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Who Benefits from Public Old Age Pensions? Evidence from a Targeted Program

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  • Elliott Fan

Abstract

Given the aging of the population, policies relating to the design and reform of public pension programs are prominent in policy debates. For many developing countries, a major concern centers around the possible displacement of traditional family-based support by public programs. One challenge in estimating this displacement, or crowding out, is the endogeneity of social security benefits-the incidence and size of benefits may be correlated with unobserved determinants of private transfers, especially if benefits are means tested. Using two rich data sets, this article explores the impact of the Taiwanese Farmers' Pension Program (FPP) on recipients and their noncohabiting adult children. The FPP is targeted at elderly farmers and has relatively clean, exogenous rules for eligibility that allow the endogeneity problem to be addressed. Estimates from multiple identification strategies consistently imply that 1 dollar of pension crowds out 30-39 cents of private transfers received by the elderly. Mirroring these results, the pension also reduces the probability that the recipients' children make transfers to their parents. Further, the pension increases both the recipients' and their children's consumption, thus providing direct evidence of an improvement in the well-being of pensioners' offspring. (c) 2010 by The University of Chicago. All rights reserved..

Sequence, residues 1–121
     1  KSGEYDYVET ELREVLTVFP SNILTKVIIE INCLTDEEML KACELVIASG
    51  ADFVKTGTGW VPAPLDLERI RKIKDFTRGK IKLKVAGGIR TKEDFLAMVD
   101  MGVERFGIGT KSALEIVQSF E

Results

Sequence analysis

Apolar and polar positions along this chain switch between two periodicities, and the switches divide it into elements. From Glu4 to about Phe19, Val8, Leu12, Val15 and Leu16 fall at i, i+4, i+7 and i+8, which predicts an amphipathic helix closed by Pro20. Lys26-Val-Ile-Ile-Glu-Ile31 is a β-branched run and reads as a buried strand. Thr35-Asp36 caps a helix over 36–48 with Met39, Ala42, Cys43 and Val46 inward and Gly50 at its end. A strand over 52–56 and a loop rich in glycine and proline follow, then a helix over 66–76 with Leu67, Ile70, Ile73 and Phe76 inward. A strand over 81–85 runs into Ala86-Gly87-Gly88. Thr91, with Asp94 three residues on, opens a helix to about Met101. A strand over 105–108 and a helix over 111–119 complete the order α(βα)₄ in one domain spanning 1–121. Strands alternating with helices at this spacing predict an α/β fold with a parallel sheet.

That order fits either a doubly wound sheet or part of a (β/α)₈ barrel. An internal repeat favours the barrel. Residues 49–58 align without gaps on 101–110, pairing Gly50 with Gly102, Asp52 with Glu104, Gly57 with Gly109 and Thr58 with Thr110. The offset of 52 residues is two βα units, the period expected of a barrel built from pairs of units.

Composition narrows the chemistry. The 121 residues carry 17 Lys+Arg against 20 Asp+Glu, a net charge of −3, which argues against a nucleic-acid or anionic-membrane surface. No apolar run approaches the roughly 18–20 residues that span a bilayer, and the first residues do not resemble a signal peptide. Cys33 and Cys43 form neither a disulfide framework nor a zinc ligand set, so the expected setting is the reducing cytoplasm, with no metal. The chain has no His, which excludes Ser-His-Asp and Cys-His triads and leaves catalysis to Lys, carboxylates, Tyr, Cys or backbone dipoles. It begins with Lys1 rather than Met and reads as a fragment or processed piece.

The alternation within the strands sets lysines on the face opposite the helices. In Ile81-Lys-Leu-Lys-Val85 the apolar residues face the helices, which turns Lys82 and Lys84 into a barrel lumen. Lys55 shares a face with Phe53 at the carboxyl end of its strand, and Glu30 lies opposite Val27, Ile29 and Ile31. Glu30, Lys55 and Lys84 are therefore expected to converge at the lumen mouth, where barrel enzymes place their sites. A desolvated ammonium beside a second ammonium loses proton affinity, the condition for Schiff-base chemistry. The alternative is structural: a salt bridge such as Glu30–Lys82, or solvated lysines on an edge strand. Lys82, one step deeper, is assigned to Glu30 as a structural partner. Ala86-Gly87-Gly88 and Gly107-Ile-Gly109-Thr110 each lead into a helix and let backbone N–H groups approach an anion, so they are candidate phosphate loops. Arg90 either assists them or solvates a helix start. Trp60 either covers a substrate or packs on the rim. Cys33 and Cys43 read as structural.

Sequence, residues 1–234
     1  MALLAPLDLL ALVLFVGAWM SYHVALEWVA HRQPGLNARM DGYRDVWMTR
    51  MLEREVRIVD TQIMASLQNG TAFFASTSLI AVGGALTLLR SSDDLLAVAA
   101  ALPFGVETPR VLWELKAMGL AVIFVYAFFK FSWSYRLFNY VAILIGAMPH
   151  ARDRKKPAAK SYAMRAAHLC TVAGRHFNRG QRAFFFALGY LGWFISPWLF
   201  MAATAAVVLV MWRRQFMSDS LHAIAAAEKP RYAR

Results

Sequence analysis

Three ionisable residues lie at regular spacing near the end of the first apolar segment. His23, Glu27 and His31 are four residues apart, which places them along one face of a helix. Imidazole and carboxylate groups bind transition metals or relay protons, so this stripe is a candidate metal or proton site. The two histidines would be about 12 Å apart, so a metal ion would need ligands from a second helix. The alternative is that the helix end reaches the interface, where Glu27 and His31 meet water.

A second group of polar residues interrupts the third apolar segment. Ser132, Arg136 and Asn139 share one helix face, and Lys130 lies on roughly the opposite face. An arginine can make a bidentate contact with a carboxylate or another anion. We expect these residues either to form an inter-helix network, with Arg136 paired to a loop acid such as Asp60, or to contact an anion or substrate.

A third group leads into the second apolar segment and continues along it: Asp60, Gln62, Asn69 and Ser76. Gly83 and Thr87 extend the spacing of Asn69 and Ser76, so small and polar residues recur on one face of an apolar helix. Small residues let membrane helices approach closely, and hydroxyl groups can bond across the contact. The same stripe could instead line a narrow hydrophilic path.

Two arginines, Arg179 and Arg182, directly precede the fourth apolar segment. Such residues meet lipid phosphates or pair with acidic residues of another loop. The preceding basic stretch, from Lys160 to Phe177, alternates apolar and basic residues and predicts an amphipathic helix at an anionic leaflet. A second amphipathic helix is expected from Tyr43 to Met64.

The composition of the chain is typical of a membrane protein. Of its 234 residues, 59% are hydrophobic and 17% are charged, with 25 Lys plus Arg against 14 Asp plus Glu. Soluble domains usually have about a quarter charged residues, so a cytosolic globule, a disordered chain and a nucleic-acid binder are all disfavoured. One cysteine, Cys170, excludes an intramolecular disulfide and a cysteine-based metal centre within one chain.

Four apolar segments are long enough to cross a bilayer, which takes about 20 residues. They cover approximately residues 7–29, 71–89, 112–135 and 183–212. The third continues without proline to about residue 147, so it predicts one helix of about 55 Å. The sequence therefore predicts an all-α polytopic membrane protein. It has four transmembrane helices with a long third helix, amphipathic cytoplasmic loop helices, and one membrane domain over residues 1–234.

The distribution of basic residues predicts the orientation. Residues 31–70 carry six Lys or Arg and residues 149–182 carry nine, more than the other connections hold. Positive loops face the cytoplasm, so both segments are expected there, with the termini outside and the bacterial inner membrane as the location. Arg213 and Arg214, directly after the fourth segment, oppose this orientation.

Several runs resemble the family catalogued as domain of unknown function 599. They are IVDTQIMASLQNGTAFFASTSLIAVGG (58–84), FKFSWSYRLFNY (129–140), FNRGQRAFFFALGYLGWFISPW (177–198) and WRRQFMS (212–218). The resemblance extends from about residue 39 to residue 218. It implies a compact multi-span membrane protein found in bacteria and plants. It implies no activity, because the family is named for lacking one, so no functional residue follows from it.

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Bibliographic Info

Article provided by University of Chicago Press in its journal Economic Development and Cultural Change.

Volume (Year): 58 (2010)
Issue (Month): 2 (01)
Pages: 297-322

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Handle: RePEc:ucp:ecdecc:v:58:y:2010:i:2:p:297-322

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Web page: http://www.journals.uchicago.edu/EDCC/

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Cited by:
  1. Kaushal, Neeraj, 2014. "How Public Pension affects Elderly Labor Supply and Well-being: Evidence from India," World Development, Elsevier, vol. 56(C), pages 214-225.
  2. Hungerman, Daniel M., 2014. "Public goods, hidden income, and tax evasion: Some nonstandard results from the warm-glow model," Journal of Development Economics, Elsevier, vol. 109(C), pages 188-202.
  3. Ravallion, Martin & Chen, Shaohua, 2013. "Benefit incidence with incentive effects, measurement errors and latent heterogeneity," Policy Research Working Paper Series 6573, The World Bank.
  4. Laura Juárez González & Tobias Pfutze, 2014. "The Effects of a Non-Contributory Pension Program on Labor Force Participation: The Case of 70 y Más in Mexico," Working Papers 2014-12, Banco de México.

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